Journal List > Korean J Occup Environ Med > v.21(4) > 1125691

Korean J Occup Environ Med. 2009 Dec;21(4):337-345. Korean.
Published online Jan 29, 2019.
Copyright © 2009 The Korean Society of Occupational and Environmental Medicine
The Comparison of Job Stress Factors, Psychosocial Stress and Their Association between Research and Manufacturing Workers in an Automobile Research and Developing Company
Hyunchul Ryou, Jeong Ok Kong, Hun Goo Lee, Soo Jin Lee, Sanghyo Chu, Yoonhee Jung and Jaechul Song
Department of Occupational and Environmental Medicine, College of Medicine, Hanyang University, Korea.
Korea Institute of Labor Safety and Health, Korea.


This study was conducted to investigate the job stress factors, psychosocial stress and their associations in workers engaged in the research and development of vehicles, and according to job role.


We recruited 4,066 subjects from workers at a research and development center of an automobile company. A total of 2,764 workers answered the questionnaire about socio-demographic factors, health behaviors, work-related factors, subjective labor intensity, KOSS, and SF-PWI. The final analysis included 2,282 male manufacturing and research workers. Univariate analyses and multiple logistic analyses were conducted on the complete questionnaire data to compare the job stress factors, psychosocial stress and their associations between research and manufacturing workers.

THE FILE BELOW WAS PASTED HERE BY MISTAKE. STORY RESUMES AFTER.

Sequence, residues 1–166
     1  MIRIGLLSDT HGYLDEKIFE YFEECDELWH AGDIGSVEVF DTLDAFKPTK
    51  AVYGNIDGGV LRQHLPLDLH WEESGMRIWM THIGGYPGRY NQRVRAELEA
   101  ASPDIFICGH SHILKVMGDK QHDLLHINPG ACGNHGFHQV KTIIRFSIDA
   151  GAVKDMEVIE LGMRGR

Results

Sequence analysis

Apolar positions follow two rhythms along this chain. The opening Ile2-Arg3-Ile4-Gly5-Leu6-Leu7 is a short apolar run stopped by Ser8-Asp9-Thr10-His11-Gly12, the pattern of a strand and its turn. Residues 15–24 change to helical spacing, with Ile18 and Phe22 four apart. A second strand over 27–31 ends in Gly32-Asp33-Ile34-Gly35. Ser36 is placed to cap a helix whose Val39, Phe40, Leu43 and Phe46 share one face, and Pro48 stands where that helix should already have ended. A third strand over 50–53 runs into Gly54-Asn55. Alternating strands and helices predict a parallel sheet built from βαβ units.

The adjusted Odds ratios comparing the high risk group to the low risk group regarding PWI group were 2.23(95%CI=1.63–3.04) in “Lack of rewards”, 1.64(95%CI=1.20–2.24) in “Interpersonal conflict”, 1.59(95%CI=1.15–2.20) in “Organizational injustice”, 1.58(95%CI=1.17–2.14) in “Occupational climate” and 1.43(95%CI=1.05–1.94) in “Job insecurity” among research workers, and 2.46(95%CI=1.59–3.80) in “Lack of rewards” and 1.94(95%CI=1.17–3.22) in “Organizational injustice” among manufacturing workers.


There are differences in job stress factors between research and manufacturing workers. Further studies and discussions based on quantitative methodology for seeking more fundamental causes of these differences are required to establish job stress intervention plans and policies.

Keywords: Job stress; Automobile company; Research workers; Manufacturing workers